Other primitive operations, such as comparison, can be defined similarly.
The examples below will use these helpful type synonyms:
type Length = BaseQuantity Meter type Mass = BaseQuantity Kilogram type Time = BaseQuantity Second type Area = Square Length type Velocity = Quotient Length Time
Example 1: Tracking units in types
Let’s calculate the area of a table.
tableWidth :: Length tableWidth = construct 1.5 tableHeight :: Length tableHeight = construct 2.5 tableArea :: Area tableArea = tableWidth .*. tableHeight
Calculations with quantities are type safe. Suppose we defined the mass of the table:
tableMass :: Mass tableMass = construct 150
Then the following is a type error:
tableArea :: Area tableArea = tableWidth .*. tableMass -- Error: Couldn't match type ‘Kilogram’ with ‘Meter’ -- Expected type: Area -- Actual type: Product Length Mass
Example 2: Quantities as functions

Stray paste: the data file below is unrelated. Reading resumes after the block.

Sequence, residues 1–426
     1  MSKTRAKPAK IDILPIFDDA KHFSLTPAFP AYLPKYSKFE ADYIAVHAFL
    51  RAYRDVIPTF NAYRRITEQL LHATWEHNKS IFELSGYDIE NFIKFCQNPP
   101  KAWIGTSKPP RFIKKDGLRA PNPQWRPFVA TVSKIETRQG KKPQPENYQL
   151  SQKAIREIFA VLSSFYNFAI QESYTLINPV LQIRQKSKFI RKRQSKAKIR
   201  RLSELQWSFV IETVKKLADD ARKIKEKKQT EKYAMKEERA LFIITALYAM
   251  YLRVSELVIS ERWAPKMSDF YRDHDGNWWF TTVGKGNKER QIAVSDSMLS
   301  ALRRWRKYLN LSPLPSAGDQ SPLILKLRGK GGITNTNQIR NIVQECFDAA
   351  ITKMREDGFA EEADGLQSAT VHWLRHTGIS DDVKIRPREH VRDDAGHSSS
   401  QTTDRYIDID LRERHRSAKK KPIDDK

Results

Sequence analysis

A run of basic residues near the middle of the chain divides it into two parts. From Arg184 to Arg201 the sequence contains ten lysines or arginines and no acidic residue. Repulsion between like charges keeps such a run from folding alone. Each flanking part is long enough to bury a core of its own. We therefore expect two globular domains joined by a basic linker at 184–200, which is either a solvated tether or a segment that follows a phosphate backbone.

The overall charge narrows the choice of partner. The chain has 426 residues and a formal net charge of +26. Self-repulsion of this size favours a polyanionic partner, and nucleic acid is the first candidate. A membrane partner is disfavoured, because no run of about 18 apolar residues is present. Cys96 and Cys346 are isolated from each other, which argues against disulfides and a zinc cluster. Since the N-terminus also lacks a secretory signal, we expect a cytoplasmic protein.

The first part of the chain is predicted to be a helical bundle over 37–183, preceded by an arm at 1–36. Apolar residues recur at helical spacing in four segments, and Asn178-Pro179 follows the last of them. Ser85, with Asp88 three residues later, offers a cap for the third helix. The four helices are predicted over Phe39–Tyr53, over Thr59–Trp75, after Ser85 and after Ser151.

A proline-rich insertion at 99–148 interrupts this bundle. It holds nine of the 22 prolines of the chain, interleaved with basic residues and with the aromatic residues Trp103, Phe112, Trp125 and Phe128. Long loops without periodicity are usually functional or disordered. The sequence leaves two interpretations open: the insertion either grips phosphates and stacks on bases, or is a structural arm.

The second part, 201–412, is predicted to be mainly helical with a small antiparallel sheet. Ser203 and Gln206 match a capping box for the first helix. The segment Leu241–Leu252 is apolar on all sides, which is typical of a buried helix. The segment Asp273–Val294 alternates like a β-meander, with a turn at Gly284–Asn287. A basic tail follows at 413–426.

Suppose we want to calculate how far a train will travel, given its velocity and the duration of the trip.
trainVelocity :: Velocity trainVelocity = construct 30 tripDuration :: Time tripDuration = construct 5000
Here we demonstrate the correspondence between quantities and functions.
Velocityis a synonym for
Length / Time, but it’s also a function from
Length. Given a
Time, we can simply “apply” a
Velocityto it to get a
tripDistance :: Length tripDistance = trainVelocity tripDuration
So multiplication of
a / bby
bis just function application.
Example 3: Manual proofs of unit equality
Let’s define a function that takes a
Velocityand returns a
Time. First try:
calculateDuration :: Length -> Velocity -> Time calculateDuration distance velocity = distance ./. velocity -- Error: Couldn't match type ‘Velocity -> Length’ with ‘BaseQuantity Second’ -- Expected type: Time -- Actual type: Quotient Length Velocity
Haskell doesn’t know that
Length / Velocity = Time. If this is indeed true, there will be a way to manipulate the program (without destructing the quantity) to make it type check by swapping arguments, defining new functions, using the
quotientAxiom, etc. This is similar to what one would do in a proof assistant like Agda or Coq.
So we have:
distance ./. velocity :: Length / Velocity
Velocityis a type synonym for
Length / Time, so we actually have: